In France on April 1, UDI member of parliament Arnaud Richard introduced an amendment to a French healthcare law that would ban publicly accessible self-service soda fountains and free soda refills in restaurants. According to The Independent, the measure passed overwhelmingly through France’s National Assembly and, if it passes the Senate, will become law.

“Whether they are paid for or not, self-service fountains dispensing drinks with added sugars or artificial sweeteners are banned in all public places or those which are open to the public,” read the amendment. Though the exact list of drinks affected by the ban has yet to be outlined by French lawmakers, Le Monde noted that the ban would cover those drinks that “contribute to the development and maintenance of an appetite for sweet taste.”

French policymakers claim that the policy move is aimed at promoting public health. “It is the role of the law to establish a framework to protect the population against a trade-upmanship that tends to make the ‘free’ surplus of food supply… an argument to attract consumers and encourage them to excessive consumption which can be harmful to health,” said a representative from France’s National Health and Nutrition Programme.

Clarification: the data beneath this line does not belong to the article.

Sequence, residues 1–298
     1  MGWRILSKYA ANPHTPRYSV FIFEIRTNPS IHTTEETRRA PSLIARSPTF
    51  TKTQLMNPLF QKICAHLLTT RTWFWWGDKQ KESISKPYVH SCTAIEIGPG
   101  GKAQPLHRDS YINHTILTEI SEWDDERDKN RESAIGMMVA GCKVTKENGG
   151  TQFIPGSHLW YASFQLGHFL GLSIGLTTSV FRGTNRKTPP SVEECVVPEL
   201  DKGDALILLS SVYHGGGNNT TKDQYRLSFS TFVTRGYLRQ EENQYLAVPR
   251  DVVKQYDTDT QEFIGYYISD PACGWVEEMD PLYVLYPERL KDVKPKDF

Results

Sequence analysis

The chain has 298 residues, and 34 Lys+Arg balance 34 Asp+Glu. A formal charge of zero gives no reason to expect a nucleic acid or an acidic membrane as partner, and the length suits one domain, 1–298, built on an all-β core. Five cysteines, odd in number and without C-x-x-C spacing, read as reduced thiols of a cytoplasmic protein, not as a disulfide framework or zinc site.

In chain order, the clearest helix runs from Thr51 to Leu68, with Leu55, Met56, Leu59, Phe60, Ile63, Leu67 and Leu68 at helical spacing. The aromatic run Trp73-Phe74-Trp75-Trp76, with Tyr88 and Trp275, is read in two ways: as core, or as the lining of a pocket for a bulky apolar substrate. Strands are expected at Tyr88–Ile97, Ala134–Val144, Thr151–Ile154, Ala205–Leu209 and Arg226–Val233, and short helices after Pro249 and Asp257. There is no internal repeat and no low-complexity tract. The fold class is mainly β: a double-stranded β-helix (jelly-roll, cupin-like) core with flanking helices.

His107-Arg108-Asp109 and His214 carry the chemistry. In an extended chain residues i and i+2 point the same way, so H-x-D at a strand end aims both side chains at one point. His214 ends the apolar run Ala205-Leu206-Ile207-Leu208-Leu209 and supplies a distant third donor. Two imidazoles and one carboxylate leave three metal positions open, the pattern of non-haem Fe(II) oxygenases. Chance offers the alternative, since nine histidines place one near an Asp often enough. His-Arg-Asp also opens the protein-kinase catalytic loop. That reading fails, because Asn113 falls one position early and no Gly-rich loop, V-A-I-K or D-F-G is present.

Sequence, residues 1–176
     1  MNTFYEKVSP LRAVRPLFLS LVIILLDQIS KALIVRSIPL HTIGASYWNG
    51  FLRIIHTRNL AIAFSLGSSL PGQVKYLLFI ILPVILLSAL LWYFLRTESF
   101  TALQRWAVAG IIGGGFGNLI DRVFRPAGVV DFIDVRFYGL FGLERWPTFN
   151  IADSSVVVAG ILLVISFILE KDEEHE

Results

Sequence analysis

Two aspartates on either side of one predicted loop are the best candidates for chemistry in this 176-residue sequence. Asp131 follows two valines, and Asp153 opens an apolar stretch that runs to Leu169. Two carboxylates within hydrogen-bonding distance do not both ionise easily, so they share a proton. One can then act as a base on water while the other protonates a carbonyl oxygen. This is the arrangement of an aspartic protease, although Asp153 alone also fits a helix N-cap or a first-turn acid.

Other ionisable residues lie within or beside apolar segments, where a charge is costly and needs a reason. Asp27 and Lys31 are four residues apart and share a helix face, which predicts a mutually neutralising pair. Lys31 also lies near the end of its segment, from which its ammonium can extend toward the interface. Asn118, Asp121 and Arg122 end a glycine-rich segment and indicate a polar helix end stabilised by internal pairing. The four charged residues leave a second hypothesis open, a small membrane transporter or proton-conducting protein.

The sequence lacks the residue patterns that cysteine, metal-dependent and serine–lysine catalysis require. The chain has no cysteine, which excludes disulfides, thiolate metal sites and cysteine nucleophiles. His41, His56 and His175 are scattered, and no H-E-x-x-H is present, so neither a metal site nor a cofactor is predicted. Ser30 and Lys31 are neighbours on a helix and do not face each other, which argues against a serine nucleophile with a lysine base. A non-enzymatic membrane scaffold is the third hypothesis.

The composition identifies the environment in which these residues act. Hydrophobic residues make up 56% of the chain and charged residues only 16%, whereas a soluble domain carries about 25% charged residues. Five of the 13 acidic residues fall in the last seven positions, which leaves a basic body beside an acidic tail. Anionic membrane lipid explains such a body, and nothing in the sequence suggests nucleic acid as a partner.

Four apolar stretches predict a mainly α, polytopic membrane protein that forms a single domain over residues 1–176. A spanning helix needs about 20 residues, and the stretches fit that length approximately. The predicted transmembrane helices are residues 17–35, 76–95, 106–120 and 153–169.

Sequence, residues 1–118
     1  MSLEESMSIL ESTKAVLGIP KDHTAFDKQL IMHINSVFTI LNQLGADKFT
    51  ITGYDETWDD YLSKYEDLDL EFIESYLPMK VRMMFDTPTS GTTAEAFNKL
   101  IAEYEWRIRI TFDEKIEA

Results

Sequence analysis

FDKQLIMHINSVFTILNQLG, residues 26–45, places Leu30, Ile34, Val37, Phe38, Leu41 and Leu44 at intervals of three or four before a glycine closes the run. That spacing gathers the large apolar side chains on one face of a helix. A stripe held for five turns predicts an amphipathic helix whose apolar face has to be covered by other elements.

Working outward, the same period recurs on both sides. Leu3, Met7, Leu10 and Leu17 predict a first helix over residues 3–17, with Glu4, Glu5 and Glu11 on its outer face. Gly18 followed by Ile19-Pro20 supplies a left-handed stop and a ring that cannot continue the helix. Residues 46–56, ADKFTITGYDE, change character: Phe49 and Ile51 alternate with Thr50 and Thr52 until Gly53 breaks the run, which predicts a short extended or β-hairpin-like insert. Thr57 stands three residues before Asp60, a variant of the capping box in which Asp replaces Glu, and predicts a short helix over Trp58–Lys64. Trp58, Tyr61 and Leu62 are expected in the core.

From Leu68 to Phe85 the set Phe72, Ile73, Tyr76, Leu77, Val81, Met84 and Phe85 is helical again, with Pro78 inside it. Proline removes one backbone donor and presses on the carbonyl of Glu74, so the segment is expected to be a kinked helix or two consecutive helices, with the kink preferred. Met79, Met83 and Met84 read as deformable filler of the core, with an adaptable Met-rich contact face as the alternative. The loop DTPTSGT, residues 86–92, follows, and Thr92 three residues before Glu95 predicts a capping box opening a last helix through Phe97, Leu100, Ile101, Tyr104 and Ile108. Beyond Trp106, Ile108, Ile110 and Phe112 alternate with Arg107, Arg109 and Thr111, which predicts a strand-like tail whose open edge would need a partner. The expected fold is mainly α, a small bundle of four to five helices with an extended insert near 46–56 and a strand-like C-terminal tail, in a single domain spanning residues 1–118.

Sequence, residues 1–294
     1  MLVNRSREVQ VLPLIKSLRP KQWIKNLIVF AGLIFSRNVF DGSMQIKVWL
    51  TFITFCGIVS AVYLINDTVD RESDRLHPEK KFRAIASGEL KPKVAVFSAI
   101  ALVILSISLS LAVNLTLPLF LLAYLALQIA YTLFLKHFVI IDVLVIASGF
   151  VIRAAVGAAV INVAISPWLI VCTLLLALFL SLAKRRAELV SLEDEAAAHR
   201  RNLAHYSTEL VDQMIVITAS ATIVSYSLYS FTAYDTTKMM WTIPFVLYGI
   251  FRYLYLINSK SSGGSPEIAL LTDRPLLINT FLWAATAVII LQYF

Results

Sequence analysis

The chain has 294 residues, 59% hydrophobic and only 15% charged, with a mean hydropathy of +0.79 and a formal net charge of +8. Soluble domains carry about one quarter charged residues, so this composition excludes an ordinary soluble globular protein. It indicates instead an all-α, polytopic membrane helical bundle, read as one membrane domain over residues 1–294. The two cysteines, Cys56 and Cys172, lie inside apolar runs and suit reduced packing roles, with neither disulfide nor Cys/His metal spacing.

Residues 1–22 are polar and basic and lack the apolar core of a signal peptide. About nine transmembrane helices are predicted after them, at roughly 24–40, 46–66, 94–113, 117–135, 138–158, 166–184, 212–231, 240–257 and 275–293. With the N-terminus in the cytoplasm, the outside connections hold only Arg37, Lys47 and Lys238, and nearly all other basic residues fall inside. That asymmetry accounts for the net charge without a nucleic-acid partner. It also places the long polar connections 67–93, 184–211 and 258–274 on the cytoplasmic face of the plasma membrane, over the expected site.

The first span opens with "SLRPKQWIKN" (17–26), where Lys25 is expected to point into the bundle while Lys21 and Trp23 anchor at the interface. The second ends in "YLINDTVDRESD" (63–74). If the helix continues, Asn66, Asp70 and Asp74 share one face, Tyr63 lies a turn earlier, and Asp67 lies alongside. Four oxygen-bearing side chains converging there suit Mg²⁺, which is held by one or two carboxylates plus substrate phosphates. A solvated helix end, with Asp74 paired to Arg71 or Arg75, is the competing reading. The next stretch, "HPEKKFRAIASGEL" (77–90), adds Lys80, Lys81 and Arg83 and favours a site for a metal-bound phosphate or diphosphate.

However, The Washington Post’s Rick Noack pointed out the fact that the ban may actually be motivated by xenophobia, anti-Americanism, and the interests of French restaurant owners. Noack wrote, “France considers its cuisine exceptional and has fought for centuries to preserve it from foreign trends. But the struggle has intensified in recent decades with the globalization of fast-food chains… When American-style ‘free refills’ were recently introduced by fast-food restaurants in France, the backlash was swift and sustained.” He also noted that French “restaurant owners have taken the lead” in pushing for the ban on free refills, now that American fast food chains like Kentucky Fried Chicken have begun to offer them in France.

The German publication Deutsche Welle noted that a 2011 study of worldwide obesity rankings from the medical journal The Lancet found that France already ranked among the lowest countries in Europe in terms of obesity.

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